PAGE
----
Buying Business in the UK

The United Kingdom is a major business hub attracting entrepreneurs and investors. Many business people choose to invest in British companies and frequently by purchasing an existing business. Thanks to the country’s thriving small and medium-sized business sector, potential investors have a wide range of attractive options available to them.

Buying Company in the UK: Profitable Investment in Existing Business

For newcomers to the UK business arena, buying an established company might be the easiest way to get started. There is no need to start from scratch, research the right type of business and spend a lot of time and effort to get it off the ground. Instead, an investor gets a business with a market share, customer base, turnover, and reputation, provided they make the right choice.

However, if you want to buy a business that is not prospering for various reasons, you can revive and grow it with a small cash investment. It’s also important to be clear about the reason for the sale so that you don’t end up with a big problem instead of a profitable investment.

Things to Know About Buying Business in England

It’s up to you to choose the right way to do business in the UK: whether you buy shares in a company that owns the business or buy the trading business itself. To buy company shares, you’ll need professional help to draft a share purchase agreement and other paperwork to transfer ownership. When buying a business, you will need a company sale agreement and a leasehold or freehold transfer. Make sure all financial and legal issues are sorted, regardless of what you are buying.

Buying Business in England: Taxation

When purchasing a business, a buyer can select which assets and property they need such as equipment, land, tools, machinery, etc. There are mandatory taxes you must pay when purchasing a business in the UK.

  • Stamp Duty Land Tax (SDLT) is a duty on the purchase of properties in England.
  • SDLT for a piece of land is based on the value of the property on it. The rate increases in proportion to the value of the property.
  • Value-Added Tax (VAT)
  • Buyers of an English business generally pay VAT on taxable property. VAT doesn’t apply to the purchase of an existing business.
  • Buying Shares in Business

When you purchase shares in the parent company, it continues to run the business. It means there is no transfer of assets; the business only gets a new director, shareholder and beneficiary. If the UK business is acquired by transfer of shares, a stamp duty of 0.5% of the sale price must be paid. This rate applies to transactions over £1,000 and is paid by a purchaser.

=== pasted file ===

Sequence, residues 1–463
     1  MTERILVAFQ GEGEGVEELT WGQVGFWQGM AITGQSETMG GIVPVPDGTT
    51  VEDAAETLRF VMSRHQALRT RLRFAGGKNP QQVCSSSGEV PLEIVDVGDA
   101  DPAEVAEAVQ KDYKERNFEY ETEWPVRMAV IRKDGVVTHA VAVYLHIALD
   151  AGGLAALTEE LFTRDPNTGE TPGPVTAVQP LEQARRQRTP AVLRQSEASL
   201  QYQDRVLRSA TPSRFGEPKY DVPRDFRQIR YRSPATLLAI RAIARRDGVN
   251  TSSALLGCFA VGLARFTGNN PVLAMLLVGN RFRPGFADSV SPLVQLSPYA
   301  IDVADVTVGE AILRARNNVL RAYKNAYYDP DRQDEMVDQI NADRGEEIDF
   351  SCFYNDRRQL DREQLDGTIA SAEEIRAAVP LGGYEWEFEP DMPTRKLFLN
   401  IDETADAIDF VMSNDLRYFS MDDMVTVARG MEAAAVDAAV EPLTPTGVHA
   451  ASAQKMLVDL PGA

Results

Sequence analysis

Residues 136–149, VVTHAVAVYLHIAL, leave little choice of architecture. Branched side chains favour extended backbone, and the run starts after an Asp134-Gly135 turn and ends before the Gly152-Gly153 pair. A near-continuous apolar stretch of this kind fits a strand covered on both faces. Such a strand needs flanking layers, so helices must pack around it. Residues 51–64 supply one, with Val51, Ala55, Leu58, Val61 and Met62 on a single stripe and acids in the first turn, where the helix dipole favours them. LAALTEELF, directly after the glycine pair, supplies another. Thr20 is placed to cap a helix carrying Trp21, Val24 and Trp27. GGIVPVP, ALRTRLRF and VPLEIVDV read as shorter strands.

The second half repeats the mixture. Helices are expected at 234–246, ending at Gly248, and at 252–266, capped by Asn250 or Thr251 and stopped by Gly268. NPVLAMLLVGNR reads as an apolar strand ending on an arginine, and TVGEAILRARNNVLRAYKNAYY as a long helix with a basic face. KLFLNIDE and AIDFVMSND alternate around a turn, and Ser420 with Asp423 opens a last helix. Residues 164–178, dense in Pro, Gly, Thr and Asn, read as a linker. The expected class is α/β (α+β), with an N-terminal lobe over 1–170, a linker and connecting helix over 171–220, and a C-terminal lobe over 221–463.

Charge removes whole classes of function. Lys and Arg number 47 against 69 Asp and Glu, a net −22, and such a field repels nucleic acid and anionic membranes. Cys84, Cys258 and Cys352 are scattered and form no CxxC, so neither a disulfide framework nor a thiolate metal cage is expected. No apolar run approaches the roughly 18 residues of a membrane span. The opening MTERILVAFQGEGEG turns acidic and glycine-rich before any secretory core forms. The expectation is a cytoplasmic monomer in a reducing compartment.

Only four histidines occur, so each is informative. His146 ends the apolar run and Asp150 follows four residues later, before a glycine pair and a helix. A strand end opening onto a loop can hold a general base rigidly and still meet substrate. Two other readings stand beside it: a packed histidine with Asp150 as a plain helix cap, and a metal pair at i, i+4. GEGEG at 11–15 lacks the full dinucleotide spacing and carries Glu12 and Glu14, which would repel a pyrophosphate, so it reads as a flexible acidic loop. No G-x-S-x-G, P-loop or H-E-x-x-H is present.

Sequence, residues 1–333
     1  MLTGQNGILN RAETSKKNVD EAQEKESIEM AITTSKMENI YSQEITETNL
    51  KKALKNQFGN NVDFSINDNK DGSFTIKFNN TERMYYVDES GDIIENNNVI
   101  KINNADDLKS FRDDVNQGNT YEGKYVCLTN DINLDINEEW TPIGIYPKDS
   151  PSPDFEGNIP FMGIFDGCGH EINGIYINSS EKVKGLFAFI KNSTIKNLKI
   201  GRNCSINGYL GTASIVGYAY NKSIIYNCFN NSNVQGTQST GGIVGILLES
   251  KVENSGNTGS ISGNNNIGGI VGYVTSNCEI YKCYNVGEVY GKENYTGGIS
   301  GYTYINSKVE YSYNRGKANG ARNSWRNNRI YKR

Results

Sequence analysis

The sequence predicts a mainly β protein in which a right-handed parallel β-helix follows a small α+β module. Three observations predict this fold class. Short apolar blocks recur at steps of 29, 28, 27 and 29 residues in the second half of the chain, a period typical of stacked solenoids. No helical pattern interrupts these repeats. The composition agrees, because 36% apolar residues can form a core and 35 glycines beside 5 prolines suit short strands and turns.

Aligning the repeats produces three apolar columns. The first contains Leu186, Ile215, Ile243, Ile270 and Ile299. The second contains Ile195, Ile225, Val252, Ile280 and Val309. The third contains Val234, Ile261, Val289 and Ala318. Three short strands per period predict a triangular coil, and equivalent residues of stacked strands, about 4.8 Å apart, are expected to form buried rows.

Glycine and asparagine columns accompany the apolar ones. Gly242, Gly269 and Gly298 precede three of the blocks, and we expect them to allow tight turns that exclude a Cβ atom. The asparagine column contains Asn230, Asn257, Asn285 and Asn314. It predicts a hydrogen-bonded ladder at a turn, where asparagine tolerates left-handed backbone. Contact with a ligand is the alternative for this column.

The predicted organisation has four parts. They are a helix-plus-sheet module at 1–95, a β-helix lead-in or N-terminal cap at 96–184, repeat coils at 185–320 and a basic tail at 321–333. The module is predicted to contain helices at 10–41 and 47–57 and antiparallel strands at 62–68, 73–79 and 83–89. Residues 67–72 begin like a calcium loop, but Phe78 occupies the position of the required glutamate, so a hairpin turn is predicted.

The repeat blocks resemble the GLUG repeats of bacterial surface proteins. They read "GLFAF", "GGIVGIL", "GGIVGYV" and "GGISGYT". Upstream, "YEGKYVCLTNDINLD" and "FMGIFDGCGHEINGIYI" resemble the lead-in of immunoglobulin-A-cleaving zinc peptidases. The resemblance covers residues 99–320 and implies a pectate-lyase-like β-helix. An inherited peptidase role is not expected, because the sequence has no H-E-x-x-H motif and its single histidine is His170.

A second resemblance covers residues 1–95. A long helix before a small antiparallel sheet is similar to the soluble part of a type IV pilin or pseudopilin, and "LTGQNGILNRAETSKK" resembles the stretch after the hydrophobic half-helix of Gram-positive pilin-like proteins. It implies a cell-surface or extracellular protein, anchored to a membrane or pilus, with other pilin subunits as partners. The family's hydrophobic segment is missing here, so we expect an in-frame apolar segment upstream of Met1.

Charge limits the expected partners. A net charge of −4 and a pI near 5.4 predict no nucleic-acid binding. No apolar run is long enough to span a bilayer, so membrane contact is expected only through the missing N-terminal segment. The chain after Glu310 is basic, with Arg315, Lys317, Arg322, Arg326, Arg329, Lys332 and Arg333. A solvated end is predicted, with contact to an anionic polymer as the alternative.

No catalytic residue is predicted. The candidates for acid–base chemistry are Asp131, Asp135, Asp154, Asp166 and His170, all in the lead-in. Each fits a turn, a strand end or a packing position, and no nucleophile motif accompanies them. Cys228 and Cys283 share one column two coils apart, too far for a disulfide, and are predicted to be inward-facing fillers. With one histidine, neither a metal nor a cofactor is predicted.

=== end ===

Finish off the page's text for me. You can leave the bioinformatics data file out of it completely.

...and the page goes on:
An experienced specialist can advise you on these and other details of buying a business in England. Investors are usually interested in ventures from both the traditional retail sector (pubs, car washes, various manufacturing companies) and the finance sector. To choose the right company and finalise the deal correctly, you need professional help.

Please note that the UK Innovator Founder Visa does not allow you to buy an existing business in England; you must start a business from scratch. You can talk to and get all the information you need from an expert.

FAQs about Buying Business in the UK

How to Profit Buying a Business in the UK?

The most popular way to acquire a UK business is to buy an established entity because it does not require huge human and financial resources. The business you are buying is already up and running, and it has its own market share, customer base, turnover, and good reputation. It also has a business plan, has carried out marketing research and has already resolved many issues.

We recommend that you seek professional help to make the right choice from the wide range of options in the UK business market.

What Taxes Do I Need to Pay When Buying a Business in England?

The main tax payments on a UK business purchase will be:

SDLT, paid on a piece of land based on the value of the property on it.

It’s often necessary to pay VAT on taxable property when buying a business in England. Buyers of an established UK company are exempt from VAT.

Buyers of shares must pay a stamp duty of 0.5% on the purchase price if the transaction is worth more than £1,000.

We cannot give all the details about buying a business in one article. So, make sure to contact an experienced advisor who can offer tailor-made guidance based on your specific circumstances.

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